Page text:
Advance MPI

One of the Intel tutorials I attended this year at SC13 (Supercomputing 2013) was on advance MPI concepts and the improvements made in the new MPI 3 standard. There notes can be found at This post will cover a few of the topics they mentioned in the lecture along with briefly reviewing basic MPI concepts. I will be adding models and figures in a post update.


MPI stands for Message-Passing Interface. Basically it is a standard for sharing information between nodes and processes. This is appealing for a supercomputing environment because MPI can be used to communicate between nodes. So when a cluster is processing large amounts of data, the load can be divided among nodes with MPI implemented to communicate data when necessary.


The following timeline highlights on a few of the MPI introduced features.

  • 1994, MPI1
    • supported point-to-point communication
    • custom datatypes for message passing
    • communication to select process groups known as collectives
  • 1997, MPI2
    • added parallel I/O functionality with thread support
    • one sided operations
  • 2012, MPI3
    • Nonblocking and neighborhood collectives
    • Tools interface
    • Improved one-sided communications


MPI requires developers to explicitly implement parallel algorithms. A developer has to create a datatype or state data for MPI processes. Basically, the programmer needs to know and plan out how to divide the dataset workload among processes with MPI constructs and datatypes.

Datatypes let users specify the data type, content and size. MPI has a library of familiar types such as int, double, float, etc and together these types can be used to create customized datatypes. Process data is not always aligned sequentially in memory, instead it may be stripped across message segments. Customized datatypes can recognize a pattern and create a structure that reads the correct pieces of data in a stripped segment to be utilized by a node process. The more general the datatypes, the harder it is for MPI to optimize.

MPI 3 Collective Improvements

MPI collectives are actually a pretty cool concept. A programmer can of course use MPI to talk to all processes at once (COMM WORLD) but there are times where maybe only certain processes need to be utilized. For instance only odd numbered processes should deal with a specific data chunk. Collectives are sub groups of processes that MPI can call upon.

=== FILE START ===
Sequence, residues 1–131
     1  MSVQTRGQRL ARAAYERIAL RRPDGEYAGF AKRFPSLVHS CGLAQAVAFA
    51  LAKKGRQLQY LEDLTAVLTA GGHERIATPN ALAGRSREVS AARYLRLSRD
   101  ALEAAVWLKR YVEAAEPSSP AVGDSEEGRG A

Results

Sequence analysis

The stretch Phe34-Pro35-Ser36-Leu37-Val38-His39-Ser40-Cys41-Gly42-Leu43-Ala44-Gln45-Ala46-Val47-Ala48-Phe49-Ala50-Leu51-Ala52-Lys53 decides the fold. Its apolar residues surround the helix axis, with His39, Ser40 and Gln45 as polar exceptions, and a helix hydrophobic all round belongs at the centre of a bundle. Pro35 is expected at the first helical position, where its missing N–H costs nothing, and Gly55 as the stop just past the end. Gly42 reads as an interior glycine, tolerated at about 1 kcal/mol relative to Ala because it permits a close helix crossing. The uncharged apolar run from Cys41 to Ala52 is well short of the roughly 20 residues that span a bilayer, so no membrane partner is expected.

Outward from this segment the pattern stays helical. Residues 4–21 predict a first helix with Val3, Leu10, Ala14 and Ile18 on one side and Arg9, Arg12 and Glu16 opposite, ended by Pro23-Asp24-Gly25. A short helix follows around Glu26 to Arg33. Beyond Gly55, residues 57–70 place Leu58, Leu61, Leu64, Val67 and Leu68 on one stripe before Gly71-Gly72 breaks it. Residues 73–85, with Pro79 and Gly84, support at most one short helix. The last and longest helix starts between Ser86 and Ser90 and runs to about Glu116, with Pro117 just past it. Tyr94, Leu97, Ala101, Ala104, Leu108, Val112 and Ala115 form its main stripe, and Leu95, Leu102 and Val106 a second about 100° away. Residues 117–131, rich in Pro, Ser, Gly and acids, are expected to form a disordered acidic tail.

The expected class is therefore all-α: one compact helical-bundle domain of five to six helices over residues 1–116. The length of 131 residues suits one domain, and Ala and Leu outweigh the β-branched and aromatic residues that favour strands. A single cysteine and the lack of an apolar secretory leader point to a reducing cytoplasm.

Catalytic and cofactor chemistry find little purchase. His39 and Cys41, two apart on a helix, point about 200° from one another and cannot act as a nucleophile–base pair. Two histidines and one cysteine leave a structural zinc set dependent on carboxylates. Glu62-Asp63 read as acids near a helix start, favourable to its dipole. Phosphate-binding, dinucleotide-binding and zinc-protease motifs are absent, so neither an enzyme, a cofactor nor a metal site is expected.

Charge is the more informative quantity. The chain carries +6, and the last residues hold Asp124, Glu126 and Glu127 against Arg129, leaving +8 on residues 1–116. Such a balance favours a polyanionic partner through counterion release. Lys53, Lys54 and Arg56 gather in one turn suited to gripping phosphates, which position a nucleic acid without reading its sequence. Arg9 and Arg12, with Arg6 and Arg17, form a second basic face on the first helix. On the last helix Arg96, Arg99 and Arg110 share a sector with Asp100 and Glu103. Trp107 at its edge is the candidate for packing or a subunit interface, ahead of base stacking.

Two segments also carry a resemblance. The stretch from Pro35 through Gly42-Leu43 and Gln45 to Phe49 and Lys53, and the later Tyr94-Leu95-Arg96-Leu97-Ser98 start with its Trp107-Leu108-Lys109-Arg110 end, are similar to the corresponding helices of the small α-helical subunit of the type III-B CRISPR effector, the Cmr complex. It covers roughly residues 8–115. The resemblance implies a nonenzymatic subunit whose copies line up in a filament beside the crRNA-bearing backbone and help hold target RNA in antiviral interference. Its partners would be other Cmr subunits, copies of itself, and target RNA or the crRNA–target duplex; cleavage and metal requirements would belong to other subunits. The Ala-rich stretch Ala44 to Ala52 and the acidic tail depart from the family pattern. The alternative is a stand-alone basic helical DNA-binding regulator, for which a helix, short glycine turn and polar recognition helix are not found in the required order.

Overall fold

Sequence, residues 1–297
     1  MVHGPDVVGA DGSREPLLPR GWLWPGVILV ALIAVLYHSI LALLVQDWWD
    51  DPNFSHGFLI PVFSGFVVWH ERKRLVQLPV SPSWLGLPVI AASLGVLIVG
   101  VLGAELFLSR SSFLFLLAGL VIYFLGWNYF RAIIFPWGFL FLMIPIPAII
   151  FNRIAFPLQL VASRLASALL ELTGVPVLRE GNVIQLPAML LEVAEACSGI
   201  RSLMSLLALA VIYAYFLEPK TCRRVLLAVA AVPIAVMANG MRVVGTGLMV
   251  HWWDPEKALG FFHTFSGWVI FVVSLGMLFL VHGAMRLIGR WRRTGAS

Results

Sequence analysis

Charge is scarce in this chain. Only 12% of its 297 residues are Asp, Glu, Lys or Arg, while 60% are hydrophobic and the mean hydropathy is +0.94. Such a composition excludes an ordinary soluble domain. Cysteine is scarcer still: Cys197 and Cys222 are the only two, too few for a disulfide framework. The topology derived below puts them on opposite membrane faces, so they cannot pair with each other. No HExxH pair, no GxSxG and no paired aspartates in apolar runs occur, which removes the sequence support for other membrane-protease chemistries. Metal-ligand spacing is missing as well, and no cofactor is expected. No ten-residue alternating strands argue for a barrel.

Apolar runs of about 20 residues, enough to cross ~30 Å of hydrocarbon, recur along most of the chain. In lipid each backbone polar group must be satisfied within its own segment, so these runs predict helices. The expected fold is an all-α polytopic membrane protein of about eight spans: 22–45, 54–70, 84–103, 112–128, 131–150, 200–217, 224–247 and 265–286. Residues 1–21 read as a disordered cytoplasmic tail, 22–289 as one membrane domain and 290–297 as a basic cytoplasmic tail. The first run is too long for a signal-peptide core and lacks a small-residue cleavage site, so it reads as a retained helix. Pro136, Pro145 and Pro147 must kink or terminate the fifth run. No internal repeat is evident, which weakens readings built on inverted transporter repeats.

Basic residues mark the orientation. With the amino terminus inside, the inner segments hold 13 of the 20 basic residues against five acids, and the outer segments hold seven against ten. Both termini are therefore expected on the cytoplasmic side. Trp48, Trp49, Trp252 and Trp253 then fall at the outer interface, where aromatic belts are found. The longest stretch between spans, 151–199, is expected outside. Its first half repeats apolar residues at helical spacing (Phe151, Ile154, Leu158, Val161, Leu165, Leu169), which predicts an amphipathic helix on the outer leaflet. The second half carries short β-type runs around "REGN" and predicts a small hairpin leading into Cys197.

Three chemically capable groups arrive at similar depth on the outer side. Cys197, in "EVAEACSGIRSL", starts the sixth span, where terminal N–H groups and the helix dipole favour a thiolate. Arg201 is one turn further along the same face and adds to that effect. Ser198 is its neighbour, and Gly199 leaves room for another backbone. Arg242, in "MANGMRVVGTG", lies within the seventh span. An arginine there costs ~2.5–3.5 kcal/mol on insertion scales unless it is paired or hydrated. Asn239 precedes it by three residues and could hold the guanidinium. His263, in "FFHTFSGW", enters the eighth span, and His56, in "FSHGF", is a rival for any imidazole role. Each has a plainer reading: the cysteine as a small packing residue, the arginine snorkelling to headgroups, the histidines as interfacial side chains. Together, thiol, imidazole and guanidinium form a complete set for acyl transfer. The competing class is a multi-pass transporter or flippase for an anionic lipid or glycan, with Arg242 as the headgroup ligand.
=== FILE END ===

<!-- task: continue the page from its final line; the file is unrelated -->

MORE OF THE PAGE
What gets even better is that the new MPI3 standard includes additional collectives for analyzing neighboring node data. In the past there has been a problem with calculating border data for a mesh segment on a single node without being aware of neighboring datasets. An example was presented in which MPI can be used to implement a halo of neighbor data around a process dataset. This would eliminate the border problem because this collective allows a node to become aware of neighboring segments.

MPI 3 Windows

Windows may be used to specify public data within a process. This details that some data is private from other processes and also sets up an environment for one sided communications. These communication calls include commands like GET and PUSH in order to transfer data across processes. These calls are useful because they allow a developer to implement code that accesses data without requiring synchronization across all processes and therefore accessing data without being affected by individual process delays.

MPI 3 Multi-threading

In a single threaded environment, each process consists of one thread. By introducing multi-threading, a process can simultaneously execute multiple threads at the same time. However, I am not quite sure this is ideal for all environments. True multi-threading models where each thread can make MPI calls can introduce a lot of problems into an environment. As noted by the conference presenters, it can be buggy. One such problem developers should be made aware of is lock granularity. Such projects require more resources and planning. Other multi-threading methods that tend to be less resource heavy include MPI_THREAD_FUNNELED and MPI_THREAD_SERIALIZED. MPI_THREAD_FUNNELED is where a single main thread within a process makes the MPI call. Thread serialized allows only one thread at a time to make MPI calls.


The new MPI3 standard introduces a lot of cool features that can be implemented to improve communications in a high performance computing environment. The idea that processes can analyze data in parallel purposes a possible reduction in processing large datasets. Future studies will include more research into MPI 3 and File I/O where processes can read and write to a file at the same time.

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